A masterpiece of the German silent era, Diary of a Lost Girl was the second and final collaboration of actress Louise Brooks and director G.W. Pabst a mere months after their first collaboration in the now-legendary Pandora’s Box (1929). Brooks plays Thymian Henning, a beautiful young woman raped by an unscrupulous character employed at her father’s pharmacy (played with gusto by Fritz Rasp, the degenerate villain of such Fritz Lang classics as Metropolis, Spione, and Frau im Mond). After Thymian gives birth to his child and rejects her family’s expectations of marriage, the baby is torn from her care, and Thymian enters a purgatorial reform school that seems less an institute of learning than a conduit for fulfilling the headmistress’s sadistic sexual fantasies. The screening will have a specially recorded audio intro by author and critic Pamela Hutchinson with live music on piano by Jonny Best (Yorkshire Silent Film Festival).

Sunday 16th September 2018: Pandora’s Box (1929)
Curzon Cinema & Arts, Boathouse 6, Portsmouth PO1 3LJ, UK
Various Ticket Prices / 4:30pm

G.W. Pabst’s 1929 silent masterpiece Pandora’s Box stars Louise Brooks in the role that secured her place as one of the immortal goddesses of the silver screen. This controversial, and in its day heavily censored, film is regularly ranked in the Top 100 films of all time (including Cahiers du Cinema and Sight & Sound). Brooks is unforgettable as Lulu (Louise Brooks), a sexy, amoral dancer who creates a trail of devastation as she blazes through Weimar-era Berlin, breaking hearts and destroying lives. From Germany, she flies to France, and finally to London, where tragedy strikes. This stunning photographed film is loosely based on the controversial Lulu plays by Frank Wedekind, and also features one of the cinema’s earliest lesbian characters. New 2K DCP of the 2009 restoration of Munich Film Museum’s definitive cut, with score by Peer Raben. Showing as part of this year’s Heritage Open Weekend which celebrates Heritage sites all over the UK.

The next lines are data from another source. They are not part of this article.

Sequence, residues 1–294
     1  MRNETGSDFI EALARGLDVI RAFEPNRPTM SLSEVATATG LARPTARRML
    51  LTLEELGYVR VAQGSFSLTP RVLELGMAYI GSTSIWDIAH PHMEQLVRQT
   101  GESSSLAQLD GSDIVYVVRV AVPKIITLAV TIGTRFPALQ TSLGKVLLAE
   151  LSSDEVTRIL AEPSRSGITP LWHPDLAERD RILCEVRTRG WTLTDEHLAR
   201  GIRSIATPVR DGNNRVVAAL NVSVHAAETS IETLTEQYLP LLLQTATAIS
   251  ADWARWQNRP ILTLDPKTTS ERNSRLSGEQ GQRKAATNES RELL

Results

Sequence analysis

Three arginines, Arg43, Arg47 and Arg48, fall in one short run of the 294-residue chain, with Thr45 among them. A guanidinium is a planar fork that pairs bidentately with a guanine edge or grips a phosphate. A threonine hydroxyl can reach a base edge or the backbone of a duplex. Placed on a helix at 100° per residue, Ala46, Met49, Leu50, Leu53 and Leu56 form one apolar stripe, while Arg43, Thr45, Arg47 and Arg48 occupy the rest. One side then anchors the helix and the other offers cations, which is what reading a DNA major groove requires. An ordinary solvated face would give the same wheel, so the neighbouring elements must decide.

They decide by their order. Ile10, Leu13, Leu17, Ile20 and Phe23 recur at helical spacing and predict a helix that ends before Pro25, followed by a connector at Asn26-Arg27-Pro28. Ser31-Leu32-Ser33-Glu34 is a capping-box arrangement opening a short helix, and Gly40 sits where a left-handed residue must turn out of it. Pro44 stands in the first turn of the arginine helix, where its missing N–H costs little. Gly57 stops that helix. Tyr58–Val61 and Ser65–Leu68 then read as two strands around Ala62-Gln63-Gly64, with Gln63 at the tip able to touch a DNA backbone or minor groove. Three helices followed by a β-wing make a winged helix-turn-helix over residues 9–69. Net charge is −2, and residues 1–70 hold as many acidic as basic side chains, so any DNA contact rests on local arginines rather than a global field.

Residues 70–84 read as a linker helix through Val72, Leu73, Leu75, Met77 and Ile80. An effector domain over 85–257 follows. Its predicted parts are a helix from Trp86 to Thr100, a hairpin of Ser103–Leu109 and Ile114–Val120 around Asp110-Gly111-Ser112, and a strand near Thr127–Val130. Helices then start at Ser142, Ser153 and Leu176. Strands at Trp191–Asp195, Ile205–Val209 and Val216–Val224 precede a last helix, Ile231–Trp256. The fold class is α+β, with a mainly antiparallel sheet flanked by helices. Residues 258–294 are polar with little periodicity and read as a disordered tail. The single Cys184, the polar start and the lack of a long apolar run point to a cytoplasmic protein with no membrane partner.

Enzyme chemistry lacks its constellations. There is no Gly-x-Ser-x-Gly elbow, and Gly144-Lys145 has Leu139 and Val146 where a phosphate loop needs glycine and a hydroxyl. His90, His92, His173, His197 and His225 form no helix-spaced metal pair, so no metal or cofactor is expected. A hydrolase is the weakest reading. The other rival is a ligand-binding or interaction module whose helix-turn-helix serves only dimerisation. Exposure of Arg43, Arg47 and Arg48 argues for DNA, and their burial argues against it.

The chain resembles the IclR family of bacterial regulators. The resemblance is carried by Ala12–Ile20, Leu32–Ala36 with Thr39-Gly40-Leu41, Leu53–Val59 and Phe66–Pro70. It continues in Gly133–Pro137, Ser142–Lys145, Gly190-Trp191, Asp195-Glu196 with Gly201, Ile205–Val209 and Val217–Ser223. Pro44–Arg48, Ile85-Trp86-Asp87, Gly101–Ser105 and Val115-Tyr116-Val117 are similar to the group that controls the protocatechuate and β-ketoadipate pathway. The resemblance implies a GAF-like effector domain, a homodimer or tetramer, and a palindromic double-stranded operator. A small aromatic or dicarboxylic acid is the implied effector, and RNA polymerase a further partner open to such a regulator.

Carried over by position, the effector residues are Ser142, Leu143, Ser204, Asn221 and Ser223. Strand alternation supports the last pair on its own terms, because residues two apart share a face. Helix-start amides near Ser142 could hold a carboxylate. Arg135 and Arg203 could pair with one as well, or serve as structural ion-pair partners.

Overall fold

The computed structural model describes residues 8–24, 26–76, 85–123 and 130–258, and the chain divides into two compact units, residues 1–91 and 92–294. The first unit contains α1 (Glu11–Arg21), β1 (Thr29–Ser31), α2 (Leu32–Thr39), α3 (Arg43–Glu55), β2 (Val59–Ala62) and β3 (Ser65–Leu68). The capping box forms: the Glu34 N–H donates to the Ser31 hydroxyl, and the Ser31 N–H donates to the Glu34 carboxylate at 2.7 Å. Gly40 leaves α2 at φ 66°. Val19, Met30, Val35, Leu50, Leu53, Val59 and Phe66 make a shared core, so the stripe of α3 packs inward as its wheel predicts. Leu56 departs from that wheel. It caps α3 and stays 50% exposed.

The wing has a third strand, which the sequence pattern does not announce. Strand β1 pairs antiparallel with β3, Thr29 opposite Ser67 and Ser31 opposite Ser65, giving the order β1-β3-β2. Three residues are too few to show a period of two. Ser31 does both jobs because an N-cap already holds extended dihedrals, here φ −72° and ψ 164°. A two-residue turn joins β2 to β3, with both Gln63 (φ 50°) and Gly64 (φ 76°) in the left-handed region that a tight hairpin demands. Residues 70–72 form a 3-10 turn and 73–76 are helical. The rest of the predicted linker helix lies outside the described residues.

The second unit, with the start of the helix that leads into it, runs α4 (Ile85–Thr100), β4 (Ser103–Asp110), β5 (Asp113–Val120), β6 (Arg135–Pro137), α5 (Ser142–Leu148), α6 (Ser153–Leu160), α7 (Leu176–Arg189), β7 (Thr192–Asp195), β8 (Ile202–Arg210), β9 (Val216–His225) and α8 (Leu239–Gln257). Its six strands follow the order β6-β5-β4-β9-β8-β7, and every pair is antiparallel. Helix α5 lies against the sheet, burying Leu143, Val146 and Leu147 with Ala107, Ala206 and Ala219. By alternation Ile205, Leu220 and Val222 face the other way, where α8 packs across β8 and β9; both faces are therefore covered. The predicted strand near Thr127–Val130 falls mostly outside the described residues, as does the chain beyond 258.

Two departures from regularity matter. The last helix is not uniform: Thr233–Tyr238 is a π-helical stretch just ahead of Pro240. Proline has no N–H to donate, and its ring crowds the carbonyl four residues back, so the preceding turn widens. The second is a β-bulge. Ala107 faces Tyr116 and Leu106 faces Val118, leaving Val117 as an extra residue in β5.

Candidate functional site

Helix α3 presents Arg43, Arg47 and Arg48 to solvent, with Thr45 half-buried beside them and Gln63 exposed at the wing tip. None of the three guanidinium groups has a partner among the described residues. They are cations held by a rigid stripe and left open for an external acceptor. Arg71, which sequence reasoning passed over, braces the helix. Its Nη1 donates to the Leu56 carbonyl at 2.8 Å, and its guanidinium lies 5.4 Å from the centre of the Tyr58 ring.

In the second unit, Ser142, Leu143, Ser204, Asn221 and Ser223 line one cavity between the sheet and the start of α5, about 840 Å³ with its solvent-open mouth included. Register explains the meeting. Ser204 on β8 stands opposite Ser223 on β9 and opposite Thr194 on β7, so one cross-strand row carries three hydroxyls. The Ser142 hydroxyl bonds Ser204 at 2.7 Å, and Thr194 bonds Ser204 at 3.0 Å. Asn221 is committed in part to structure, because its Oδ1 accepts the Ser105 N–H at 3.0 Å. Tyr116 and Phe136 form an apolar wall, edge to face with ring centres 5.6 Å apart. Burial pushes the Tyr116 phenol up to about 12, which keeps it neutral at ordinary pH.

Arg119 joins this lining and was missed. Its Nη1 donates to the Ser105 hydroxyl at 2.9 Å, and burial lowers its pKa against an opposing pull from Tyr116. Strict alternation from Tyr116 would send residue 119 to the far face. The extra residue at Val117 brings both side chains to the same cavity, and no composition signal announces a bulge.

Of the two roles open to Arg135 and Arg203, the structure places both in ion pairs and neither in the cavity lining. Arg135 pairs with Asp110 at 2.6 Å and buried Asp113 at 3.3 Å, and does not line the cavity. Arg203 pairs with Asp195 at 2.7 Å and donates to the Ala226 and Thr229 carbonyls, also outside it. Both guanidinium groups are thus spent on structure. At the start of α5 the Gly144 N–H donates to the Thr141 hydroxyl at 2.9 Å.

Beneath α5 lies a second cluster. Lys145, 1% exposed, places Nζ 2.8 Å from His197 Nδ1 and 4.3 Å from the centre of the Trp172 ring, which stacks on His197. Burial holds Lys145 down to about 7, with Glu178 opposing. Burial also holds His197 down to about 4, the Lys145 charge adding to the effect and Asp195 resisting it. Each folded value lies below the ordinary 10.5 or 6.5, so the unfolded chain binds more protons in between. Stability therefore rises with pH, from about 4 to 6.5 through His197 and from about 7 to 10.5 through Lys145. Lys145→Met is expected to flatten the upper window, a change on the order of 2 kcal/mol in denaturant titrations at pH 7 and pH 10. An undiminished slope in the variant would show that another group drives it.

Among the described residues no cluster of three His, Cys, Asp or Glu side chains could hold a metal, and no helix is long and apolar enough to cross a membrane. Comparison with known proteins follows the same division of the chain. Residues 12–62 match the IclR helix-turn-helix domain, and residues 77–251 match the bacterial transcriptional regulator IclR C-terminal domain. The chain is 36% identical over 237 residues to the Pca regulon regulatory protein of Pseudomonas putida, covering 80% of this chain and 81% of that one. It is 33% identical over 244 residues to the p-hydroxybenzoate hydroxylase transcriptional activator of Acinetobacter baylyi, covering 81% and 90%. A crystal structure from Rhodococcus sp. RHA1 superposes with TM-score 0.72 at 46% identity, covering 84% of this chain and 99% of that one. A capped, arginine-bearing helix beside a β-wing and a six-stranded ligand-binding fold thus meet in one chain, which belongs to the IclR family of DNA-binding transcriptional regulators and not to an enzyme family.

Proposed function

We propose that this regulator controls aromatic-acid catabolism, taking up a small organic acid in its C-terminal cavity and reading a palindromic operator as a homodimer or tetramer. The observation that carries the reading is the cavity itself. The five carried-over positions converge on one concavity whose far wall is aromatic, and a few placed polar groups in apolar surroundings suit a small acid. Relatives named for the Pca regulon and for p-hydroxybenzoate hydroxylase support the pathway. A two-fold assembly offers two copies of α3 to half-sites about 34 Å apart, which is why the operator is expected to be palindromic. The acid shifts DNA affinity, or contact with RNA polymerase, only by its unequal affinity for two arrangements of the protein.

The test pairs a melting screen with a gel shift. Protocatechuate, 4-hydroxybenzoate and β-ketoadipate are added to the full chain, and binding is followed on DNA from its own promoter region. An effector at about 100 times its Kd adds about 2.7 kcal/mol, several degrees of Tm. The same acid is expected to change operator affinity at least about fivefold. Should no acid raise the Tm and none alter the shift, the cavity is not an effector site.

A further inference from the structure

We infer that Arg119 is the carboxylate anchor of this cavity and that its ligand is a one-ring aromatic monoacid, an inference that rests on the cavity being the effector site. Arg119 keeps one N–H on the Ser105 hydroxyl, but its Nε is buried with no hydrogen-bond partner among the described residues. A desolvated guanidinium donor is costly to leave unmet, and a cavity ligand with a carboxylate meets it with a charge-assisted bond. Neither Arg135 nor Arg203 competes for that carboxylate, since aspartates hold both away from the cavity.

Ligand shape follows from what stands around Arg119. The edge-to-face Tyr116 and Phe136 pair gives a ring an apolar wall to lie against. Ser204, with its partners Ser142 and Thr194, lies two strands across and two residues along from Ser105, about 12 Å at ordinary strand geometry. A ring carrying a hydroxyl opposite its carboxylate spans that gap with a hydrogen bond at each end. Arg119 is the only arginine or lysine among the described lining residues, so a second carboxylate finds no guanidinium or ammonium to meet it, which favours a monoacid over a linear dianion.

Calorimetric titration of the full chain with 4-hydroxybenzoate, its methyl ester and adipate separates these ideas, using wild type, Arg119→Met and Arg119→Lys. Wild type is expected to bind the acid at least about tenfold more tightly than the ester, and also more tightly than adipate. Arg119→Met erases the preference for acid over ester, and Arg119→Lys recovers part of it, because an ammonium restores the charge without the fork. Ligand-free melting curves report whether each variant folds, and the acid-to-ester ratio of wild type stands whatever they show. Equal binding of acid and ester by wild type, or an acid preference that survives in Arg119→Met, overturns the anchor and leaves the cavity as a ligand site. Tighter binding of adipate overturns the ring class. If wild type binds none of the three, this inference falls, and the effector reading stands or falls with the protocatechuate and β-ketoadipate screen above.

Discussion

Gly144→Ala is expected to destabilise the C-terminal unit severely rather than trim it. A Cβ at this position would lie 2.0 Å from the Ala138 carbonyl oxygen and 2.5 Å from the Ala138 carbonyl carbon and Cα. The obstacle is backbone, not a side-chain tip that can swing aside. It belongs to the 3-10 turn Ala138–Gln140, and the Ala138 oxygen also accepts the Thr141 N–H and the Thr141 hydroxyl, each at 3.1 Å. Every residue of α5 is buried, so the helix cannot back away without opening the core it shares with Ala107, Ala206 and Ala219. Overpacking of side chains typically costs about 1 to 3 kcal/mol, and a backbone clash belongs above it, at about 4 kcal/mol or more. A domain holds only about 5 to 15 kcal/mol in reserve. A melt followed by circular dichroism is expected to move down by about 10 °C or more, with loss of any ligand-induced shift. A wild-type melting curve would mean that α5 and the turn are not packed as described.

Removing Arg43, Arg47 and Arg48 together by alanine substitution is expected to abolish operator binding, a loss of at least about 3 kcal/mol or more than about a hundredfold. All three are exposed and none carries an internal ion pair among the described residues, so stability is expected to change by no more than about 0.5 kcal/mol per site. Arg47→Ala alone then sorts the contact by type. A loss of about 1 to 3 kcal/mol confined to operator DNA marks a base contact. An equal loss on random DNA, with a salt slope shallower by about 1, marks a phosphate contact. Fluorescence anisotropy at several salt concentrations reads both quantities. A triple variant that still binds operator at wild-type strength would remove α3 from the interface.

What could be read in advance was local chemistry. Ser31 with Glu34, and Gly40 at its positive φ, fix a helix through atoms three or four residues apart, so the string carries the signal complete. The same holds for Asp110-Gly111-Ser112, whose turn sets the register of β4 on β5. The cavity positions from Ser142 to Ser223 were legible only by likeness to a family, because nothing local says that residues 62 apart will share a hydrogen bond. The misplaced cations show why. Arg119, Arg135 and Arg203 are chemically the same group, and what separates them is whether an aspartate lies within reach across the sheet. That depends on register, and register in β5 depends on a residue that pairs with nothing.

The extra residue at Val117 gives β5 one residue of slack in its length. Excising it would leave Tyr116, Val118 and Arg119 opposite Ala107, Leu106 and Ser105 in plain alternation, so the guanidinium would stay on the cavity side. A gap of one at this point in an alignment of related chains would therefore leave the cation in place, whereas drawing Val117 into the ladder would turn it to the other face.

But wait, there's more....

The Louise Brooks film Beggars Of Life (1928) will be shown on September 16 at the Bridport Electric Palace in Bridport with live musical accompaniment by The Dodge Brothers. Following the film, there will be a Q&A with Mark Kermode (The Observer chief Film Critic, BBC TV Presenter), Neil Brand (writer & presenter BBC 4 series ‘Sounds of Cinema : The Music That Made The Movies’) and Dr Mike Hammond (Associate Professor, Film Department, University of Southampton). More information about this event can be found HERE.

Following his Best Picture win at the inaugural Academy Awards, William A. Wellman made Beggars of Life, an adaptation of Jim Tully’s best-selling hobo memoir. This gripping drama casts Brooks as a girl on the lam after killing her lecherous step-father. Dressed in boy’s clothes, she navigates through a dangerous tramp underworld with the help of a handsome and devoted drifter (Richard Arlen) and encounters the dangerous, but warm-hearted hobo Oklahoma Red (Wallace Beery). Loaded with stunning visuals and empathetic performances, this dark, realistic drama is Brooks’ best American film and a masterpiece of late-silent era feature films.

The Dodge Brothers have played to silent films at the finest venues in the land, The Barbican, The National Film Theatre, BFI, The National Media Museum and anywhere that the high art of playing live to silent film is appreciated. In 2014 The Dodge Brothers were the first band to accompany a silent film (Beggars of Life) at Glastonbury Festival.

Want to learn more about the film? Last Spring saw the release of my well reviewed new book, Beggars of Life: A Companion to the 1928 Film, and last Summer saw the release of a new DVD / Blu-ray of the film from Kino Lorber. (The DVD features a commentary by your's truly, Thomas Gladysz. If you haven't secured your own copy of either the book or the DVD / Blu-ray, why not do so today? Each is an essential addition to your Louise Brooks collection, and both are available on amazon.UK